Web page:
Please use this identifier to cite or link to this item: http://hdl.handle.net/2381/38760
Title: Pore geometry as a control on rock strength
Authors: Bubeck, A.
Walker, R. J.
Healy, D.
Dobbs, M.
Holwell, D. A.
First Published: 21-Oct-2016
Publisher: Elsevier
Citation: Earth and Planetary Science Letters 457 (2017) 38–48
Abstract: The strength of rocks in the subsurface is critically important across the geosciences, with implications for fluid flow, mineralisation, seismicity, and the deep biosphere. Most studies of porous rock strength consider the scalar quantity of porosity, in which strength shows a broadly inverse relationship with total porosity, but pore shape is not explicitly defined. Here we use a combination of uniaxial compressive strength measurements of isotropic and anisotropic porous lava samples, and numerical modelling to consider the influence of pore shape on rock strength. Micro computed tomography (CT) shows that pores range from sub-spherical to elongate and flat ellipsoids. Samples that contain flat pores are weaker if compression is applied parallel to the short axis (i.e. across the minimum curvature), compared to compression applied parallel to the long axis (i.e. across the maximum curvature). Numerical models for elliptical pores show that compression applied across the minimum curvature results in relatively broad amplification of stress, compared to compression applied across the maximum curvature. Certain pore shapes may be relatively stable and remain open in the upper crust under a given remote stress field, while others are inherently weak. Quantifying the shape, orientations, and statistical distributions of pores is therefore a critical step in strength testing of rocks.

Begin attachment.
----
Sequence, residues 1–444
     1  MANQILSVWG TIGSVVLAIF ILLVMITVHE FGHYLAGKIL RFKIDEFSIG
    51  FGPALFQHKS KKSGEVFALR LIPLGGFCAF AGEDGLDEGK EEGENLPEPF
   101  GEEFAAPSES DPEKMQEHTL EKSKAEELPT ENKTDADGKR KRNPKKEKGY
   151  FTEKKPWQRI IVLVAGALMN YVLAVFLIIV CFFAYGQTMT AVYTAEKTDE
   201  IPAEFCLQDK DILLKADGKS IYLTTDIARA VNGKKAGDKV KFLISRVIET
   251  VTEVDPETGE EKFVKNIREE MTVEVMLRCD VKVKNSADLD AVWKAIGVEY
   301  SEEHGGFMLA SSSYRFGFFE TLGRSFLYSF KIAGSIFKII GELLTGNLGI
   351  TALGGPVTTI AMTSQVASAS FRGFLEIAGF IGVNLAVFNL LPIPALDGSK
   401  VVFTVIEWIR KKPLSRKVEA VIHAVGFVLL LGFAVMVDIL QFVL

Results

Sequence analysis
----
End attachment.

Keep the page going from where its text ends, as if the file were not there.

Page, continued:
DOI Link: 10.1016/j.epsl.2016.09.050
ISSN: 1385-013X
Links: http://www.sciencedirect.com/science/article/pii/S0012821X16305301
http://hdl.handle.net/2381/38760
Embargo on file until: 21-Oct-2017
Version: Post-print
Status: Peer-reviewed
Type: Journal Article
Rights: Creative Commons “Attribution Non-Commercial No Derivatives” licence CC BY-NC-ND, further details of which can be found via the following link: http://creativecommons.org/licenses/by-nc-nd/4.0/ Archived with reference to SHERPA/RoMEO and publisher website.
Appears in Collections:Published Articles, Dept. of Geology

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